A Modern Tribute to Femininity, Disability and Motherhood

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Byline: By KAREN PRICE Western Mail

The controversial statue of disabled artist Alison Lapper which has been erected in London has been met with a mixed reaction. Marc Quinn's 13-tonne, 11ft 6in high white marble sculpture was officially unveiled yesterday on Trafalgar Square's fourth plinth.

While most people are pleased that Quinn has tackled the subject of disability, some say the statue itself is not his best piece of work, while others have accused him of creating it for the shock factor.

Lapper, who was born with no arms and shortened legs due to a congenital disorder, posed naked for Quinn when she was eight months pregnant.

As London Mayor Ken Livingstone unveiled the statue, he hailed Lapper as a 'modern heroine'. He said the statue, titled Alison Lapper Pregnant, made a worthy companion to Nelson's Column.

'This square celebrates the courage of men in battle. Alison's life is a struggle to overcome much greater difficulties than many of the men we celebrate and commemorate here,' he said.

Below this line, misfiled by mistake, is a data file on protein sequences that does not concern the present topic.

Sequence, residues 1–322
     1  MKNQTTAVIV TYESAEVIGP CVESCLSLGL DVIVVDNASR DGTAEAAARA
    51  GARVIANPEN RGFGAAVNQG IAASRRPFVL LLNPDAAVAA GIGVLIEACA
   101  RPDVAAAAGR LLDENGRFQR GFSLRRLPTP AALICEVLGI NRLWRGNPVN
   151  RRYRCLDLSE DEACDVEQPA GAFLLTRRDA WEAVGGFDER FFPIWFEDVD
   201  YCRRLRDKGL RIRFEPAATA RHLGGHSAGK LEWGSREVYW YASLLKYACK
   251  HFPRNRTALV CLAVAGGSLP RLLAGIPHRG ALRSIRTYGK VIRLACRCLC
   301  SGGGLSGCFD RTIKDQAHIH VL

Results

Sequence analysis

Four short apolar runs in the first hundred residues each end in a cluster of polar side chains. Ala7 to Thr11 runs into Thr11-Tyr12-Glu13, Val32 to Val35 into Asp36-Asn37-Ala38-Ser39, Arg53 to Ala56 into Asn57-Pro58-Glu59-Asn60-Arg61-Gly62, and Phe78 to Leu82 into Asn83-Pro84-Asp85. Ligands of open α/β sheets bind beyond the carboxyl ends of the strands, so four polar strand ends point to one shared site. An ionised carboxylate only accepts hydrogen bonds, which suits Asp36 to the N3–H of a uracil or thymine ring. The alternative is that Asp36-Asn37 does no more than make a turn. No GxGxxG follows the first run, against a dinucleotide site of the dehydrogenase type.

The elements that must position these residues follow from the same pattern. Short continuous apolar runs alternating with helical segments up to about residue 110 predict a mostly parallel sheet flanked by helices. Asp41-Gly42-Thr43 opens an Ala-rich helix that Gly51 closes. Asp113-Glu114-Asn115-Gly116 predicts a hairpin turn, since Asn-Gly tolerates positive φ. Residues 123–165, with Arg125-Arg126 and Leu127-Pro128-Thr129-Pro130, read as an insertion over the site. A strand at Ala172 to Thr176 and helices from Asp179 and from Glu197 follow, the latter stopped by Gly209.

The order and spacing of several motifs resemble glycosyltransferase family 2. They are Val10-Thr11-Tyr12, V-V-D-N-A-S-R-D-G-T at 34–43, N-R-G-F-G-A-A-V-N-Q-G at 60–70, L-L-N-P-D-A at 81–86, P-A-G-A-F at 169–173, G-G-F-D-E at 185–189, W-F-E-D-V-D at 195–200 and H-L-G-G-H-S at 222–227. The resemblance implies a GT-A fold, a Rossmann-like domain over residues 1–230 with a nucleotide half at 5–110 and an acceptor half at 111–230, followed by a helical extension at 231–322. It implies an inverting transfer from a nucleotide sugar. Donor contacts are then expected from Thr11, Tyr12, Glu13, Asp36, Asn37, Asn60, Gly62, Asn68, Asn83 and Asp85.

'Marc Quinn has created an artwork that is a potent symbol and a great addition to London. It is a work about courage, beauty and defiance, which both captures and represents all that is best about our great city.

'Alison Lapper Pregnant is a modern heroine - strong, formidable and full of hope.'

The artist and his subject attended the unveiling ceremony in a rainy Trafalgar Square.

Lapper, there with her five-year-old son Parys, said, 'This is an amazing day for me, not only just for me but for all the people in the country and across the world who have got a disability. It's a really positive sculpture and an important step forward.

'We have been hidden away for way too long. It's about time people started to confront their prejudice. It's a real honour to be up there.'

Quinn said, 'I regard it as a modern tribute to femininity, disability and motherhood. It is so rare to see disability in everyday life - let alone naked, pregnant and proud.

'The sculpture makes the ultimate statement about disability - that it can be as beautiful and valid a form of being as any other.'

Quinn's work was chosen from a shortlist of six. It will remain in the square for 18 months before being replaced by Thomas Schutte's Perspex installation Hotel For The Birds. The plinth was built in 1841 and was intended to display an equestrian statue. Funds ran out and it has remained empty.

Bert Massie, chairman of the Disability Rights Commission says he's delighted at the sculpture. …